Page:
The Essex Serpent has danced on the edge of my consciousness for a long time but I only recently sat down to read it. Strangely, the fact that I lived in Essex for a couple of years and did not particularly take to the place put me off it as a setting. (Disclaimer: I am incredibly fortunate to have found so many fantastic friends during my sojourn in Essex – if you are one of them and reading this, you understand what I actually mean.) Still, I had heard enough positive buzz around Serpent that I decided to look past my prejudice and find out more.
Central character is Cora Seagrave, newly widowed after the death of her thoroughly unpleasant husband and setting out to indulge her passion for palaeontology. It is the 1890s and London is in the middle of science mania but Cora travels from this metropolitan setting to the remote Essex village of Aldwinter. With her she brings her autistic son Francis and the boy’s socialist governess Martha, who also harbours a passion for Cora.
In contrast to the city, Aldwinter is a world reliant on superstition rather than science. The locals fear the mythical Essex Serpent following the discovery of a drowned man at New Year, the body found ‘naked, his head turned almost 180 degrees, a look of dread in his eyes‘. The children perform rituals to keep it away, the adults string up dead animals and horseshoes to ward it off. Local rector William Ransome is at his wits end trying to contain the panic and preach against the paganism. When Cora arrives, her excitement at the potential scientific find clashes with his determination that faith should be at the forefront. The conflict between the two is further complicated by their unspoken chemistry and fireworks inevitably occur.
Perry is making use of the true legend of the Essex Serpent, last seen in 1669 but immortalised in the pamphlet ‘The Flying Serpent or Strange News out of Essex‘. Why has the Serpent returned two hundred years later? There is some obvious symbolism – the serpent in the rural idyll means that evil is afoot. Its threat must be vanquished for paradise to return again. Perry is pastiching the Victorian novel, where threats such as Dracula and Lady Audley’s Secret posed similar menaces to domestic security. Of course here the danger comes not from blood-sucking female vampires or fair-haired devil women but from something with a rather more phallic symbolism.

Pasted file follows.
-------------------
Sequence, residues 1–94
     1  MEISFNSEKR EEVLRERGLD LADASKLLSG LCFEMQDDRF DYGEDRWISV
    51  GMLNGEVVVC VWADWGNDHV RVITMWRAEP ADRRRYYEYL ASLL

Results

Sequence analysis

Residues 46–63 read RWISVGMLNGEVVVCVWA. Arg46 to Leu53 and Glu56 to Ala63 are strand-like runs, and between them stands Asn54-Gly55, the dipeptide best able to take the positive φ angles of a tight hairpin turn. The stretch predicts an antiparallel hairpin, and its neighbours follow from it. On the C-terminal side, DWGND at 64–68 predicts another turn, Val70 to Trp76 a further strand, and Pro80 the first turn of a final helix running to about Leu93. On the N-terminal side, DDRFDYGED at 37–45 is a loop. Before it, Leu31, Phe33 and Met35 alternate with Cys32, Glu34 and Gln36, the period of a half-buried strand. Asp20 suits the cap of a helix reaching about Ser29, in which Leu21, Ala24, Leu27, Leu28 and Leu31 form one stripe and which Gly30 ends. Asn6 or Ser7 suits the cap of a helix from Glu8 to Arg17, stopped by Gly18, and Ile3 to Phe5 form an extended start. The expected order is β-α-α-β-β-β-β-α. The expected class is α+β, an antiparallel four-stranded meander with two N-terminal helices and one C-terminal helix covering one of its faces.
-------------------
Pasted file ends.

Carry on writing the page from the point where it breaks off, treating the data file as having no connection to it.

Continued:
Perry’s prose is rich and vibrant and The Essex Serpent is also one of those rare pieces of historical fiction which feels like it just might have been written at the time it was set. However, despite all of these elements that meant that I should have loved it, somehow I did not. I had to think for a while about why this was. Was it my Essex prejudice? No, Perry’s novel bore very little resemblance to the Essex I knew. One reason that I could not warm to it was because the book itself lacked warmth. The characters pass by each other unfeeling. Cora struggles to love her son, she spurns those who love her unless she can make use of them, Reverend William is indifferent towards his creepy wife, their daughter turns against her friend – the list goes on. The one couple who do get together seem to do so only due to shared feelings of rejection. The book glittered but felt cold.
More than that though, I reached the end of the novel in surprise because not an awful lot appeared to have happened. After so much build up, suddenly the threat was over and life went back to what it was before. If my grandmother had had to sit through Serpent, I can guarantee that she would have sniffed and muttered that it was a ‘knotless thread’. Akin to my experience of The Miniaturist, I was left unreasonably irritated at having been drawn in by a plot with so little resolution. Serpent deals with a lot of big ideas, medicine versus ritual, superstition versus science, the decline of the Empire, rural poverty versus urban squalor, social injustice, female subjection. Still, for all this, with a cast about whom I cared so little, none of it really caught fire. Sarah Perry is a ridiculously talented writer with an amazing gift for conjuring up an intriguing setting, but this was a book which is clever rather than compelling.
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Published by Serpent's Tail on May 27th 2016
Genres: Fiction, Literary, Romance, Historical, General
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